Monday’s poll brought some serious fireworks. Jimmer Fredette won the “Who is your favorite King?” contest by a landslide. Isaiah Thomas came in second and the Kings centerpiece, DeMarcus Cousins came in third. Jimmer has a following that goes well beyond the game of basketball, so it is understandable that he would win a popularity contest. And Thomas is one of those players that fans gravitate to – a 5-foot-9 point guard taken with the final pick of the second round wins starting job and flourishes.
But what about Cousins?
He is talented for sure. Most believe that he will develop into one of the best big men in the league and he may even make the 2016 Olympic team. But it’s never about talent with Cousins – it’s always about whether he can get out of his own way.
The Kings are doing their part to help bring this young prospect along. They have made Cousins the key building block and started putting the pieces around him. A true point guard in Greivis Vasquez will definitely change the dynamic of this team, as will a conventional shooting guard in Ben McLemore. Carl Landry will help take off some of the scoring pressure in the post and a defensive-minded small forward like Luc Mbah a Moute makes everyone’s job easier.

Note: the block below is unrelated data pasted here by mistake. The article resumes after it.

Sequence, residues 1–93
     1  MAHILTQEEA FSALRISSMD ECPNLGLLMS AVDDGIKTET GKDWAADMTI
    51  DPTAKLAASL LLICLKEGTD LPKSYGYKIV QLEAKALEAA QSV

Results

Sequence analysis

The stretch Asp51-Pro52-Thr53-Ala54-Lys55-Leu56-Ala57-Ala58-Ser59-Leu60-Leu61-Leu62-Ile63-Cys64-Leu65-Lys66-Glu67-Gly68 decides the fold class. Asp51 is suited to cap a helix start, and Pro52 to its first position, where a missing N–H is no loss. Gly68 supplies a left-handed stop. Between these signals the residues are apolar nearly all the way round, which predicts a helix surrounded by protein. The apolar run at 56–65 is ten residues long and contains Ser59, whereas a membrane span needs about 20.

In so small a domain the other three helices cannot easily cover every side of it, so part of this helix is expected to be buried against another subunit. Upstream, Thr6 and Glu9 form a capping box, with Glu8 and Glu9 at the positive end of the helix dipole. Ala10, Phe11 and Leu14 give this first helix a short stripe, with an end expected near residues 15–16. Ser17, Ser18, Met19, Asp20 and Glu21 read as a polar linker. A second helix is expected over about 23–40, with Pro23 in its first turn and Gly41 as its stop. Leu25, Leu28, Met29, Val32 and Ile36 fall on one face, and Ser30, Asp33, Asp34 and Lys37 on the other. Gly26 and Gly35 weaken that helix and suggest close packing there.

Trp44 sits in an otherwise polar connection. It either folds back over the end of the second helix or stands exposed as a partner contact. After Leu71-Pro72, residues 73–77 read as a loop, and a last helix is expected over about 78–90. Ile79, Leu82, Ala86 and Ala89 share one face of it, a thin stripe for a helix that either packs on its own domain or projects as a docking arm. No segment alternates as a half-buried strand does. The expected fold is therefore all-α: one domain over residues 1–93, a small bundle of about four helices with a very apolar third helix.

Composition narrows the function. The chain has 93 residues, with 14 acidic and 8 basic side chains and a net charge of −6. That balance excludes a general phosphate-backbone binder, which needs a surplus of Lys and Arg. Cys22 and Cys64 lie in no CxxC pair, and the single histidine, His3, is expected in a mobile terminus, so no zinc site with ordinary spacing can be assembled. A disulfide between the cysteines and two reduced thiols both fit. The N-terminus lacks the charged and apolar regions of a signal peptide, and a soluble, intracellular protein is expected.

Sacramento has also added an incredibly deep coaching staff with a strong willed, defensive-minded leader in Michael Malone. Former NBA players Dee Brown, Corliss Williamson, Chris Jent and Ryan Bowen bring both game and coaching experience to the table. Everything this team is doing revolves around developing, supporting and growing young players like Cousins.
The days of franchise instability are a nearly a thing of the past. Vivek Ranadivé and his team of owners are leading the charge, hoping to change the culture of the Kings from the top down. They have installed incredible basketball and business minds like Pete D’Alessandro and Chris Granger and you can see that they are spending to rebuild the franchise.
All of these changes are fine and dandy. They mean that the team is moving the right direction. But if Cousins doesn’t buy in, the Kings will lack the final piece to the puzzle – an elite talent.
After a productive rookie season, Cousins showed major strides in year two, averaging 18.1 points and 11.o rebounds in 30.5 minutes per game. But in year three, the former Kentucky star’s production plateaued. While his shooting percentage improved slightly and his assists per game jumped to 2.7, Cousins points (17.1 per game) and rebounds (9.9 per game) dropped in the same 30.5 minutes per game.
The Kings are designing their team around Cousins and in all likelihood will lock him into a new long-term deal before the Oct. 31 deadline. They are working hard to rebuild the franchise, adding players, coaches and front office personnel. But they are counting on a major jump from their young center. The question is a tough one, but with so much riding on him, how good can DeMarcus Cousins be?